Richard J Durbin

Trump Hedges on $5 Billion for Border Wall on Day of Meeting With Schumer, Pelosi
President hints at military construction of barrier, which could be problematic legally

(Bill Clark/CQ Roll Call)

Just before a scheduled meeting with Democratic leaders on border security funding, President Donald Trump appeared to soften his demand for $5 billion in construction funds for his southern border wall proposal.

in a series of tweets, the president sought to build a case that portions of fencing and levee wall already built or in the works on his watch have successfully increased border security to a degree, even without the money he wants. And in a subsequent tweet, Trump foreshadows “some important announcements” in his administration’s trade talks with China; if true, any positive headlines of those talks could be drowned out by an ugly partial government shutdown that Trump likely would be blamed for.

Bob Corker’s Quieter Foreign Policy Legacy
Retiring Foreign Relations chairman offers advice for new members

Sen. Bob Corker, R-Tenn., has advice for incoming senators: become an expert, listen to colleagues and score quieter wins with an eye to the future. (Bill Clark/CQ Roll Call file photo)

As Foreign Relations Chairman Bob Corker prepares to yield his gavel and leave the Senate, he has advice for newly elected senators: gain expertise and actually listen to your colleagues.

“Some of these people obviously are coming in with large platforms. I mean, they’ve been significant figures prior to coming here,” the Tennessee Republican, first elected in 2006, said in a recent interview. “Still though, they’re going to be freshman senators and they’re going to be sitting at the end of the dais in most cases in whatever the committee.”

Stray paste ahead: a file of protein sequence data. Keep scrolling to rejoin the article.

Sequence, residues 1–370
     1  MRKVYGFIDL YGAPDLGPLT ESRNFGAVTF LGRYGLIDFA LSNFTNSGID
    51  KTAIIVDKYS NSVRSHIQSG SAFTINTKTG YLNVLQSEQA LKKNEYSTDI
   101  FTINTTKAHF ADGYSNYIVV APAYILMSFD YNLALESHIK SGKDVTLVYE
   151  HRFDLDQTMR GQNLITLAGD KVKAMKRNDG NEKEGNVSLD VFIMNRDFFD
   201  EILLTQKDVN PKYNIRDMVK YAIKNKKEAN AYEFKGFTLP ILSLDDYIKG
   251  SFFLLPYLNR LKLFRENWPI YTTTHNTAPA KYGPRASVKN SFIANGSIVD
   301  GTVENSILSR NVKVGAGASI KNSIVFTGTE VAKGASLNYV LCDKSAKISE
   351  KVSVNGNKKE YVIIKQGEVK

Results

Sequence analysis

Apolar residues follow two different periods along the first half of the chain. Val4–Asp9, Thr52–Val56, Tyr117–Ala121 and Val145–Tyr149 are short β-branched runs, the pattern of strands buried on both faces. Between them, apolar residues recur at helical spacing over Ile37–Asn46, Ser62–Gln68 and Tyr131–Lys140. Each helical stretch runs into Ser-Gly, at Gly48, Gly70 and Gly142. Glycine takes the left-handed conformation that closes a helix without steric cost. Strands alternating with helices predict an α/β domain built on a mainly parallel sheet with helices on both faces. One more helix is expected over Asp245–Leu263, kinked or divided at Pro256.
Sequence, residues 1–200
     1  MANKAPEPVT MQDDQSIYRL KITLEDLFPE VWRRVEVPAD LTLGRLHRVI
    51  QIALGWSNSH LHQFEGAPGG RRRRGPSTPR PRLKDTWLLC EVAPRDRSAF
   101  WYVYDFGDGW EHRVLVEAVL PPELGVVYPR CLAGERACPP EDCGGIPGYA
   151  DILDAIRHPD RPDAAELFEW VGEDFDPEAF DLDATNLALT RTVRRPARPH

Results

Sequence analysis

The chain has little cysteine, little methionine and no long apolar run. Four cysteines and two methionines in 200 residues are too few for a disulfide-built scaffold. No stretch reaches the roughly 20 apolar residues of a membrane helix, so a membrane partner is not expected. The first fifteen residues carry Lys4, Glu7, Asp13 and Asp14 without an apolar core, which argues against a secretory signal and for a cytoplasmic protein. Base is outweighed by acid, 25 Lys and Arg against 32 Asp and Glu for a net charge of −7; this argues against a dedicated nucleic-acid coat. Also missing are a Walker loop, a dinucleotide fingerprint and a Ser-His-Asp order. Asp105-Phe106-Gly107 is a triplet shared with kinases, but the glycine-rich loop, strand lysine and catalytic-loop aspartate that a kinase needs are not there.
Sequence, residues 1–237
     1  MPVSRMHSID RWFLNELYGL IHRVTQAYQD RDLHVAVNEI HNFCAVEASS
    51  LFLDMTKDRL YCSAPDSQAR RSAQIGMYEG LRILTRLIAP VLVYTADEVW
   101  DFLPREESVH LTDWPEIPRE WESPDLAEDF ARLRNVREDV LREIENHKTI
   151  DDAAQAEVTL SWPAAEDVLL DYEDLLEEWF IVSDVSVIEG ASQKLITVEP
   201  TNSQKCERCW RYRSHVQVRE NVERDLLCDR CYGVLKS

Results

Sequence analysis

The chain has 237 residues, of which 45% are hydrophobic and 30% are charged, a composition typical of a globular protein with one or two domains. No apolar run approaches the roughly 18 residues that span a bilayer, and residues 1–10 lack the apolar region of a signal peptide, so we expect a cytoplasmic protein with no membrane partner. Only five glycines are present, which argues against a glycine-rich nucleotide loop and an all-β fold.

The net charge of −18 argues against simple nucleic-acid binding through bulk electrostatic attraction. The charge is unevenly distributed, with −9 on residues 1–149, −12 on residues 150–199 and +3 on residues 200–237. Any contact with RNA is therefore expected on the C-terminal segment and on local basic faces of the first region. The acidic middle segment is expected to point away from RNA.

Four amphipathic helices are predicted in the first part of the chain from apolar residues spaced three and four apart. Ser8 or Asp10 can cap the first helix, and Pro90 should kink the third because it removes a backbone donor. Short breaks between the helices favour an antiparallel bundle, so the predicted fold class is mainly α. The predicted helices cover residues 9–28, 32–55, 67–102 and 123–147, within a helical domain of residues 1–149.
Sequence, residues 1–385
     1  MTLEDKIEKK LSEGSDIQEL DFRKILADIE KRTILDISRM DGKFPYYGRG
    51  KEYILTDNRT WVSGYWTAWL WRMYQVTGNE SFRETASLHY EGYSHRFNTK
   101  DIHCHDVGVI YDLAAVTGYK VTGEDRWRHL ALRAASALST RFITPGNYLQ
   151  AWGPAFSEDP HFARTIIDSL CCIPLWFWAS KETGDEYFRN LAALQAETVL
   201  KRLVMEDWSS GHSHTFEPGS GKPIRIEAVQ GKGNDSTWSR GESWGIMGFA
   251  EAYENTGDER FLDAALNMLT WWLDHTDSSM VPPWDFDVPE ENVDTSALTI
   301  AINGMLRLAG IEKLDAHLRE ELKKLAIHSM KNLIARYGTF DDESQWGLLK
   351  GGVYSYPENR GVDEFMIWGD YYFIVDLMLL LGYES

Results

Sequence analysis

Grassley Urges McConnell to Take Up Criminal Justice Bill
Judges can wait, Judiciary chairman says

Sen. Chuck Grassley, R-Iowa, speaks with staff before the start of the Senate Judiciary Committee markup hearing in the Dirksen Building on Nov. 15. (Bill Clark/CQ Roll Call file photo)

Senate Judiciary Chairman Charles E. Grassley again implored Majority Leader Mitch McConnell to get a criminal overhaul through the Senate before the end of the year.

It should be OK if fewer of President Donald Trump’s judicial nominations get confirmed as a result, Grassley said, especially with the GOP holding the Senate.

Grassley Gave McConnell Judges. Now He Wants His Criminal Justice Bill
‘I look at this in a very personal way,’ Grassley said

Senate Judiciary Chairman Charles Grassley, R-Iowa, has helped confirm a record number of judges. All he wants from Mitch McConnell now is a little “reciprocity.” (Tom Williams/CQ Roll Call)

Senate Judiciary Chairman Charles E. Grassley is leaning on his track record of processing judicial nominations to get a floor vote on a bipartisan bill he spearheaded to overhaul the nation’s criminal justice system.

In an unusual personal plea, the 85-year-old Iowa Republican on Thursday said he wanted “reciprocity” from Majority Leader Mitch McConnell for “what I’ve done in our unified effort on judges” during President Donald Trump’s administration.

Eager for Lame Duck Win, Trump Backs Prison Reform Bill
Members of both parties, Jared Kushner negotiated plan for months

President Donald Trump has thrown his weight behind a measure to reform the prison system that has bipartisan support. (Bill Clark/CQ Roll Call)

Eager for a legislative win in the lame duck session, President Donald Trump on Wednesday endorsed legislation that would alter prison and sentencing policies as he tries to show he can push bipartisan bills through Congress.